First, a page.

This study is investigating whether low-dose aspirin (75mg) reduces the chance of a first heart attack or stroke in patients with chronic kidney disease (CKD).
Until we complete the research, we will not know whether taking aspirin benefits people with CKD, but we believe that the results of this trial will be extremely important for the NHS. If the benefits of aspirin are shown to outweigh the risks, then treatment will be available immediately to about 3 million people with CKD.
Why are we doing this study?
We are doing this research to find out whether people with CKD should take daily low-dose aspirin to reduce the risk of a first heart attack or stroke.
Heart attacks and strokes are usually caused by small blood clots. Aspirin thins the blood so reduces the chance that clots will form but it also increases the chances of bleeding.
Studies in people who have already suffered a heart attack or stroke show that aspirin reduces the risk of further attacks, and that these benefits are much greater than the risks of bleeding.
People with CKD are more at risk of a heart attack or stroke than the general population, and aspirin may therefore by beneficial, but the risks of bleeding may also be higher.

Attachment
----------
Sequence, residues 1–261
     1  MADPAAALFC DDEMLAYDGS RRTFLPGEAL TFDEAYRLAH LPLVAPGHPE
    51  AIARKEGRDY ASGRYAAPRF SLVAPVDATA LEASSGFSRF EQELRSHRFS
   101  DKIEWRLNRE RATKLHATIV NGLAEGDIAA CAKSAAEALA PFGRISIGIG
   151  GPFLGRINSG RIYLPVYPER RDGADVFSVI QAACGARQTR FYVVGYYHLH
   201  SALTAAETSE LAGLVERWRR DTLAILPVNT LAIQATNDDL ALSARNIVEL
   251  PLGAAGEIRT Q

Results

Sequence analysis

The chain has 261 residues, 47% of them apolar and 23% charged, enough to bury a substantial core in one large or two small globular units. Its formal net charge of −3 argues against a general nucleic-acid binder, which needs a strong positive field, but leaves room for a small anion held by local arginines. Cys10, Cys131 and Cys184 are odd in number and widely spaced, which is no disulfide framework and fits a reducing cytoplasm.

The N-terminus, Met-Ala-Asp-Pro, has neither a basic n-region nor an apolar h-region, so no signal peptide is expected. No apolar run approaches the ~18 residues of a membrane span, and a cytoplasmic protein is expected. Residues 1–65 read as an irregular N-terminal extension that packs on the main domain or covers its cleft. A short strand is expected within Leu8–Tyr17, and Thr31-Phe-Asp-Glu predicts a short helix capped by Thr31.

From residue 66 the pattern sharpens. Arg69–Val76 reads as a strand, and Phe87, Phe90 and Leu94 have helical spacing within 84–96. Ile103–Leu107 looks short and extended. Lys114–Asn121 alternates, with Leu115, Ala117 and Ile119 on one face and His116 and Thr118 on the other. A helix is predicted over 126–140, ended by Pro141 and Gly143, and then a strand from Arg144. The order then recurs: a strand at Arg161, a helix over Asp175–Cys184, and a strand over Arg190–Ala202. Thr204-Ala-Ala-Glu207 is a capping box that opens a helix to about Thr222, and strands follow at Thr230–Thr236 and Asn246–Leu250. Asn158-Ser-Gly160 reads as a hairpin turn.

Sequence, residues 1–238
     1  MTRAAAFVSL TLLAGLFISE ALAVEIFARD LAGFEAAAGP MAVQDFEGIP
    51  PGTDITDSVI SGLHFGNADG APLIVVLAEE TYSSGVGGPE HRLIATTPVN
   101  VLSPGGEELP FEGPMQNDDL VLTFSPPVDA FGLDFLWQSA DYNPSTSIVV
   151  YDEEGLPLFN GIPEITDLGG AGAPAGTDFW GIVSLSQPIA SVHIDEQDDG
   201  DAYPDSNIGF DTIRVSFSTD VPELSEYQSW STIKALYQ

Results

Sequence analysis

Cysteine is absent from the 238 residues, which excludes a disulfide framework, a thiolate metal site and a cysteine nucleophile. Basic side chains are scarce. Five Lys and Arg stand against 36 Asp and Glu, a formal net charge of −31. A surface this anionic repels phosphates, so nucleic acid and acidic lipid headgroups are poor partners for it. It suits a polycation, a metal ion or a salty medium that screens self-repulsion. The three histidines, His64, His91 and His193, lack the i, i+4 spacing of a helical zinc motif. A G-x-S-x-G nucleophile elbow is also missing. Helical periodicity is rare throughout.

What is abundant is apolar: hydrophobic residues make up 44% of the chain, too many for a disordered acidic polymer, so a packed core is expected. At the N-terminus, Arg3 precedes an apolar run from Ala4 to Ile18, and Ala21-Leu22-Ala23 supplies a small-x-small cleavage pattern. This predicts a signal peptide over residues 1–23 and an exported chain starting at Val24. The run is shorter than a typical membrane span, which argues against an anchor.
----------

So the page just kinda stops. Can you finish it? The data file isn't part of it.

Before we can recommend aspirin treatment to help a first heart attack or stroke in people with CKD, we need to be sure that the benefits of treatment outweigh the possible risks, and that it why we are doing this study.
Currently, around 1 million people in the UK with CKD are already taking aspirin for this reason and around 3 million are not.
The results of this study will tell us whether taking aspirin is better for patients with CKD.
Who can take part?
We are inviting all potentially suitable people to take part.
- This includes people aged 18 or over who have had blood or urine tests that indicate they have kidney disease and who have not previously had a heart attack or a stroke. This is something you may be aware of or it may be new to you.
- It is entirely up to you to decide whether you would like to take part, but if you think you might be interested, please return the reply slip to the research team in the envelope that was provided with the invitation letter, and one of our team will contact you.
- If you do take part, you will be free to withdraw from the study at any time without giving a reason. Withdrawal from the study will not affect the standard of care that you receive in any way.
- This research is being carried out by the University of Southampton.
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